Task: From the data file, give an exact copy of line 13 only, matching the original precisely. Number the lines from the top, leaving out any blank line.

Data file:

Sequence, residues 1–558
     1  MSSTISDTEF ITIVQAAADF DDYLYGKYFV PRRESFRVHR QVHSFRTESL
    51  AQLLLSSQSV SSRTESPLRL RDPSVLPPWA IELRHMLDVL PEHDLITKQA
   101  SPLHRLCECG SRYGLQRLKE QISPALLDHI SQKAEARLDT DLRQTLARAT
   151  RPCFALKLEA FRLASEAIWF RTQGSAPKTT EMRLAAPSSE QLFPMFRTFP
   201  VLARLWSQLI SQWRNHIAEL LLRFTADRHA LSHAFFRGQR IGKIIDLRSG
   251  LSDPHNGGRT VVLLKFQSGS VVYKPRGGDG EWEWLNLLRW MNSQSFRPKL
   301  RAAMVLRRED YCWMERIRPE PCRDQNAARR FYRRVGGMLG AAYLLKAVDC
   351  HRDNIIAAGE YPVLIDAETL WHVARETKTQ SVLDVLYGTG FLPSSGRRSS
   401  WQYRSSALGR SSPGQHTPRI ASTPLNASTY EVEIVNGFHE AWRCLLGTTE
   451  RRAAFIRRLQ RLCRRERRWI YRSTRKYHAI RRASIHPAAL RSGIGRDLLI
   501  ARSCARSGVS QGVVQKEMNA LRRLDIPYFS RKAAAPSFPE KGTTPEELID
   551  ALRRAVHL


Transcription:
   551  ALRRAVHL